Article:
horse tying up

Take a look at the variety of muscle disorders that fall into the category described by this broad and generic term.

It’s Wednesday night and you’d planned to ride right after work. It is a gorgeous hot and humid summer day, but you were held up at the office so you didn’t make it out to the barn on time. With your limited time frame shortened even more, you decide to forgo a warm-up and get right down to business. But 15 minutes into the ride, your horse starts to lose impulsion and develops a stiff, stilted gait. Thinking he is just a little sore from having skipped the warm-up, you ask him to continue. He starts to sweat heavily, his respiration increases and when you stop exercising he seems locked in place and refuses to move forward at all. What is happening? He is tying up.

What Exactly is Tying Up?

This is a generic term used to describe a variety of muscle disorders in the horse that cause cramping and muscle cell destruction during aerobic exercise. Tying up has had many names over the years, including set fast, azoturia, and Monday Morning Sickness. The medical term used to describe this disorder is exertional rhabdomyolysis – exertional meaning it occurs during exercise, and rhabdomyolysis meaning rapid breakdown (lysis) of muscle cells. Some horses may have one or two tying up episodes in their lifetimes (sporadic form), while for others it can become a recurrent, frustrating problem (chronic form).

Sporadic Form

The most common cause of sporadic tying up is overexertion (exercising beyond the horse’s current level of conditioning). It has been reported in a wide variety of breeds and occurs in around 3% of all exercising horses. However, it does seem to occur more often in nervous, high-strung fi llies. Other risk factors include:

• advancing training too quickly
• continuing to feed full rations to horses that are being ridden sporadically
• high grain diets
• exercising in hot, humid conditions/electrolyte imbalances
• pre-existing lameness • stall rest more than 12 hours per day
• a recent history of a viral respiratory infection (EHV-1 or influenza)

Contrary to popular belief, tying up is not caused by lactic acid buildup within the muscles, but more likely arises from muscle fatigue and/or electrolyte imbalances.

Chronic Form

Most horses with the chronic form of tying up have characteristic features in their muscle cells. The human muscle biopsy technique that was adapted to horses in the 1960s allowed scientists to begin studying the microscopic structure of muscle in horses. This research has revealed that there are many different muscle disorders in the horse that can lead to the same painful muscle contractures of the back and hindquarters we collectively call “tying up”. Today we recognize four distinct causes, but there are probably more that have yet to be discovered:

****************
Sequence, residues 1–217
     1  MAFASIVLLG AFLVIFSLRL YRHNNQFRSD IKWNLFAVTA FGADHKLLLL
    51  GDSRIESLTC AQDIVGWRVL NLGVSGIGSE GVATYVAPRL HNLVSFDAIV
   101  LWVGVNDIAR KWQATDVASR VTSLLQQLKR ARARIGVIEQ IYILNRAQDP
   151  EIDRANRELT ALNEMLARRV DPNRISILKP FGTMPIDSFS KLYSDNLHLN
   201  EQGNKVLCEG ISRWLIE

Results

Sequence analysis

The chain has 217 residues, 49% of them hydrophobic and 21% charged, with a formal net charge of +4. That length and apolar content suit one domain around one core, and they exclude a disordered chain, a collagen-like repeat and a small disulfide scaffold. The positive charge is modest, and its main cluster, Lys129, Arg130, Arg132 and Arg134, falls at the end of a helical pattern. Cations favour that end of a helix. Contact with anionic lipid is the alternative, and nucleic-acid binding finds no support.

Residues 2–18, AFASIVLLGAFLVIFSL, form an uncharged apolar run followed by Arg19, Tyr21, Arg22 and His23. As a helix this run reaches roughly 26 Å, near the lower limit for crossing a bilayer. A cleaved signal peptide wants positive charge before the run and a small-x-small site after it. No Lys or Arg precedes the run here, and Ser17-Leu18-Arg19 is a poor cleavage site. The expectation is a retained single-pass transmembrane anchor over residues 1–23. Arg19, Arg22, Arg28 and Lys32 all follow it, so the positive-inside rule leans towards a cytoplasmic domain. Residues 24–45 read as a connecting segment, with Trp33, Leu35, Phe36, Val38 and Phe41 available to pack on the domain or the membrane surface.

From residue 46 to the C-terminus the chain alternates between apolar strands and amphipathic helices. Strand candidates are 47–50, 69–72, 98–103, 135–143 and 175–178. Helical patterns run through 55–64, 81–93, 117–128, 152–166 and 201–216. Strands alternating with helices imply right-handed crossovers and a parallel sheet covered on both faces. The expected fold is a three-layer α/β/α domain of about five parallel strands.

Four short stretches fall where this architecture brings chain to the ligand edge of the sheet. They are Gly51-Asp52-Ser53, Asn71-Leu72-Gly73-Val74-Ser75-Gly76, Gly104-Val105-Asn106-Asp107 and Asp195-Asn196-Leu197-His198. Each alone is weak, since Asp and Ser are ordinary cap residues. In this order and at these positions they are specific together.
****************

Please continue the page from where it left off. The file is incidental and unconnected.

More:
Polysaccharide Storage Myopathy (PSSM)

PSSM is the most common cause of tying up in Quarter Horses and draft breeds. It is characterized by the excessive accumulation of unusable carbohydrate (glycogen and polysaccharide) in skeletal muscle. There are at least two forms of PSSM in horses based on current genetic research.

Type 1 PSSM is due to an inherited mutation in the glycogen synthase gene (GYS1). This mutation causes the enzyme that builds up glycogen stores in the muscle cell to be constantly in the “on” position. All the muscle cell’s energy is placed into storage form, resulting in a deficiency of energy during muscle cell contraction when it is needed, leading to cramping. A test now available through the University of Minnesota Veterinary Diagnostic Laboratory can tell you if your horse carries the mutated gene.

Horses with type 2 PSSM have the same problem with carbohydrate buildup in the muscle, but do not carry the GYS1 mutation. The specific cause for the type 2 form is not yet known, although it accounts for 80% of warmbloods and 25% of Quarter Horses with PSSM.

Recurrent Exertional Rhadomyolysis (RER)

Recent research investigating RER suggests the problem lies within the process of muscle cell contraction and relaxation. It may be a problem with the way calcium is regulated inside the muscle cell, but the specific defect that causes it has yet to be identified. A muscle biopsy that shows centrally located nuclei in muscle cells without abnormal polysaccharide buildup is currently the only way to confirm a diagnosis of RER. This type is most commonly found in Thoroughbreds.

Malignant hyperthermia Malignant hyperthermia is also due to genetic mutation in skeletal muscle. It is present in 1% or fewer of Quarter Horses, but can occur simultaneously with the PSSM type 1 mutation. Therefore, it is recommended that Quarter Horses with episodes of tying up that are hard to control through diet and exercise changes be tested for this mutation as well.